For USF student Britny Matthew, it’s a matter of safety and empowerment.
She is attending the Self-Defense Awareness & Familiarization Exchange (S.A.F.E), a free class for women offered by University Police (UP) that teaches safety techniques.
“It’s a great opportunity for women to know what to do in a horrible situation,” said Matthew, a senior majoring in advertising. “Women need to defend themselves, and they don’t always know how to do it. This really empowers us.”
The classes, held now through Thursday from 6 p.m. to 7 p.m. in UP’s office on Maple Drive, are taught by certified S.A.F.E. instructor Sgt. Charlotte Domingo, who was trained by the creators of the program, The National Self-Defense Institute of Miami.
The hour-long classes teach women basic strategies and provide them with lectures and information packets that they can take home and review, Domingo said.
“The classes teach women things that are designed specifically to help (them) get out of a situation,” she said. “Students have told me that they’ve actually used some of the techniques and strategies off campus to escape from a situation.”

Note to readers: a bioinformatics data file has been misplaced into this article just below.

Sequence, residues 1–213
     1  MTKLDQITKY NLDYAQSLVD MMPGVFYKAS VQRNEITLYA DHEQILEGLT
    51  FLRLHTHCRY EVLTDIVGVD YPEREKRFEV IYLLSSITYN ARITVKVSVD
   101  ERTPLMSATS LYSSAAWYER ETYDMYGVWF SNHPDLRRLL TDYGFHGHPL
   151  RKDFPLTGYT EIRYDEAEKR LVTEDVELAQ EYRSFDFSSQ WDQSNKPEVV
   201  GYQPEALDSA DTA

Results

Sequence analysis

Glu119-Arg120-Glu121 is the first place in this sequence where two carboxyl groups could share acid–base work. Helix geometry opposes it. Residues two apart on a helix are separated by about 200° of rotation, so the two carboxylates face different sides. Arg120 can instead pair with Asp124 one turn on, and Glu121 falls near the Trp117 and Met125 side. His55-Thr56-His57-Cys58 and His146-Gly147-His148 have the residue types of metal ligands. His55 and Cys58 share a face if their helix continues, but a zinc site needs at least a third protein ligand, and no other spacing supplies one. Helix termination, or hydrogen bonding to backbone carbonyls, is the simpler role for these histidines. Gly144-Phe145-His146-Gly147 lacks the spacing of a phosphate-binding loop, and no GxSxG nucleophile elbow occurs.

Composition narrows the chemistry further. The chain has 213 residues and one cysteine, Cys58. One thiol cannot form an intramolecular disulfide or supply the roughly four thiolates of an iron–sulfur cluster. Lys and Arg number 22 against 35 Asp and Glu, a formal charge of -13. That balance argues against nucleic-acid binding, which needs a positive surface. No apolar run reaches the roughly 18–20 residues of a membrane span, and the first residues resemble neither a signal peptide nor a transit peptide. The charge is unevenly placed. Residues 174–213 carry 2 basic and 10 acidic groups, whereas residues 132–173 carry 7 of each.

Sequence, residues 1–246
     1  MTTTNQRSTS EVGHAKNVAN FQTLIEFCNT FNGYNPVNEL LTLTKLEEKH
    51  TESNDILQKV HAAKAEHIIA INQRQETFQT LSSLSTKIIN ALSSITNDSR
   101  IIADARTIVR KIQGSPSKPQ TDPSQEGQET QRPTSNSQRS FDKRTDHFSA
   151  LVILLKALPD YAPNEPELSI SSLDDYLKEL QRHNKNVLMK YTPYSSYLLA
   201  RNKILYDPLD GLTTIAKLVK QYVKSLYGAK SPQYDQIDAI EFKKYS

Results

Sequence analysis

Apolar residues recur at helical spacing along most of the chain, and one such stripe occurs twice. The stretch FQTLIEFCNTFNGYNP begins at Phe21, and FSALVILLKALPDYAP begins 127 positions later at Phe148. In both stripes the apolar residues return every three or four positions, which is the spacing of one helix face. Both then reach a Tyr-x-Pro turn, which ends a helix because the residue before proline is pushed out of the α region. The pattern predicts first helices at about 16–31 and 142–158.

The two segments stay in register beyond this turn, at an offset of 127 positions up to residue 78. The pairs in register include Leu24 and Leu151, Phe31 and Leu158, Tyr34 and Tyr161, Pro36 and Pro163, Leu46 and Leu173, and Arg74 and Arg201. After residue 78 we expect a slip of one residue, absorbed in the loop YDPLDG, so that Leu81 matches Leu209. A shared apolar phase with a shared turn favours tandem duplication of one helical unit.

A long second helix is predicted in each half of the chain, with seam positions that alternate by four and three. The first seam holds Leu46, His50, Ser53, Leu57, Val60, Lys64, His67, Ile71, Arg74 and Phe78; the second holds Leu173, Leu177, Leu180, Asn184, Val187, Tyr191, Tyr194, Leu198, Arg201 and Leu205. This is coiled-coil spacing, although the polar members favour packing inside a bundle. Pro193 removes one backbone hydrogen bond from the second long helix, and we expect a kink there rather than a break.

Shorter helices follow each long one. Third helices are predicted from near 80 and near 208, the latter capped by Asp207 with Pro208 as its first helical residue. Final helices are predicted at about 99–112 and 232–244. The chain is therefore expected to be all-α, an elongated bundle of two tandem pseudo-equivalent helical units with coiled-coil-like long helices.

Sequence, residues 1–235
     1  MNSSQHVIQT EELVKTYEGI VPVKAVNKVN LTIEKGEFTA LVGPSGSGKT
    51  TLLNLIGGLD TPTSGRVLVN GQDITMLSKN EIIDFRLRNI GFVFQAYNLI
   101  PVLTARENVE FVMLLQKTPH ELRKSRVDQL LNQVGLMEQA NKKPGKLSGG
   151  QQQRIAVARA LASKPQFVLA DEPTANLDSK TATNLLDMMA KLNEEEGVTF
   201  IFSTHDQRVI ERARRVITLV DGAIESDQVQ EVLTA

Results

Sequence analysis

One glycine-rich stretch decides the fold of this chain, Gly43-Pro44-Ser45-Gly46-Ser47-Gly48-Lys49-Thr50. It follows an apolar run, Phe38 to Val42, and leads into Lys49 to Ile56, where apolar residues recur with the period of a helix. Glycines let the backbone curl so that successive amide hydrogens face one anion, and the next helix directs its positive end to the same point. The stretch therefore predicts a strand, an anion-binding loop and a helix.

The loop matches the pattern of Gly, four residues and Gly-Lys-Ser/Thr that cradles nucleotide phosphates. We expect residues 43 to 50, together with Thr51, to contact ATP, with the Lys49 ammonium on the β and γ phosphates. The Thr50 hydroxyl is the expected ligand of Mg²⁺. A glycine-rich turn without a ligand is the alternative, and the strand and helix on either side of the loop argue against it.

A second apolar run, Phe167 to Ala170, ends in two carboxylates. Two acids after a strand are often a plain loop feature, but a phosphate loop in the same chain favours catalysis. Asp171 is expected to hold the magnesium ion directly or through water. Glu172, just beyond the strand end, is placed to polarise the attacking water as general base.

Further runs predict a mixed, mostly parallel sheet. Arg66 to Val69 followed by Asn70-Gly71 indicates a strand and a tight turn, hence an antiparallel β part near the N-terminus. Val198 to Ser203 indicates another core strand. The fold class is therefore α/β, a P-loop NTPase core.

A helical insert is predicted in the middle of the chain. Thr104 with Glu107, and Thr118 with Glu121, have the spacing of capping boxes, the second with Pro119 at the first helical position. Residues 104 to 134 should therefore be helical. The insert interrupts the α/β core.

UP spokeswoman Lt. Meg Ross said USF was allotted a grant to hold the S.A.F.E classes at its discretion. UP has been hosting the program for more than 10 years, she said.
According to the USF 2009-10 Safety Guide, burglaries are the most common crime on campus.
Ross said although there was only one rape reported in 2009, it is still important for women to be aware of their surroundings.
“Women can learn through the class, instead of making mistakes the hard way,” Ross said.
Even with the decrease in crime rates during spring break, Ross said the “timing is perfect” for women to learn these techniques before the break.
The class is open to all women in the community, but USF students are encouraged to join before running into any problems during break, Domingo said.
“I always want people to think in terms of, ‘How can I be safe?'” she said.
Women interested in attending a class may contact Domingo at 813-974-2859 to register.